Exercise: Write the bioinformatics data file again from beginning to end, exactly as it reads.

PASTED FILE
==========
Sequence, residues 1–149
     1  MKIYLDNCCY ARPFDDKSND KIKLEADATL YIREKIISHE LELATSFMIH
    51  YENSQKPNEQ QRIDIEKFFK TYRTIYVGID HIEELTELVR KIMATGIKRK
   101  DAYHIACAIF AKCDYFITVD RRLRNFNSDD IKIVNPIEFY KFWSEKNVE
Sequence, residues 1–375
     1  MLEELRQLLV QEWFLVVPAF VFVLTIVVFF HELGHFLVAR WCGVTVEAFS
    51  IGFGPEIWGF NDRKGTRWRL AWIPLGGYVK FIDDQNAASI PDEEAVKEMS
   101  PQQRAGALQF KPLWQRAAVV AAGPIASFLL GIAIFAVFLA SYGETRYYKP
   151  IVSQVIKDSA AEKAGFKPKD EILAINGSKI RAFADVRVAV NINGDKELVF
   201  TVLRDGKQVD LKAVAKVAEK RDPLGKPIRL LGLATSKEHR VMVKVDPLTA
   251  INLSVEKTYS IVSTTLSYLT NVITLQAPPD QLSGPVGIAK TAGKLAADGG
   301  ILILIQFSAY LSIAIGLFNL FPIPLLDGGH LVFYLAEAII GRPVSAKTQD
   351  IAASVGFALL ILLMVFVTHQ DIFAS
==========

Sequence, residues 1–149
     1  MKIYLDNCCY ARPFDDKSND KIKLEADATL YIREKIISHE LELATSFMIH
    51  YENSQKPNEQ QRIDIEKFFK TYRTIYVGID HIEELTELVR KIMATGIKRK
   101  DAYHIACAIF AKCDYFITVD RRLRNFNSDD IKIVNPIEFY KFWSEKNVE
Sequence, residues 1–375
     1  MLEELRQLLV QEWFLVVPAF VFVLTIVVFF HELGHFLVAR WCGVTVEAFS
    51  IGFGPEIWGF NDRKGTRWRL AWIPLGGYVK FIDDQNAASI PDEEAVKEMS
   101  PQQRAGALQF KPLWQRAAVV AAGPIASFLL GIAIFAVFLA SYGETRYYKP
   151  IVSQVIKDSA AEKAGFKPKD EILAINGSKI RAFADVRVAV NINGDKELVF
   201  TVLRDGKQVD LKAVAKVAEK RDPLGKPIRL LGLATSKEHR VMVKVDPLTA
   251  INLSVEKTYS IVSTTLSYLT NVITLQAPPD QLSGPVGIAK TAGKLAADGG
   301  ILILIQFSAY LSIAIGLFNL FPIPLLDGGH LVFYLAEAII GRPVSAKTQD
   351  IAASVGFALL ILLMVFVTHQ DIFAS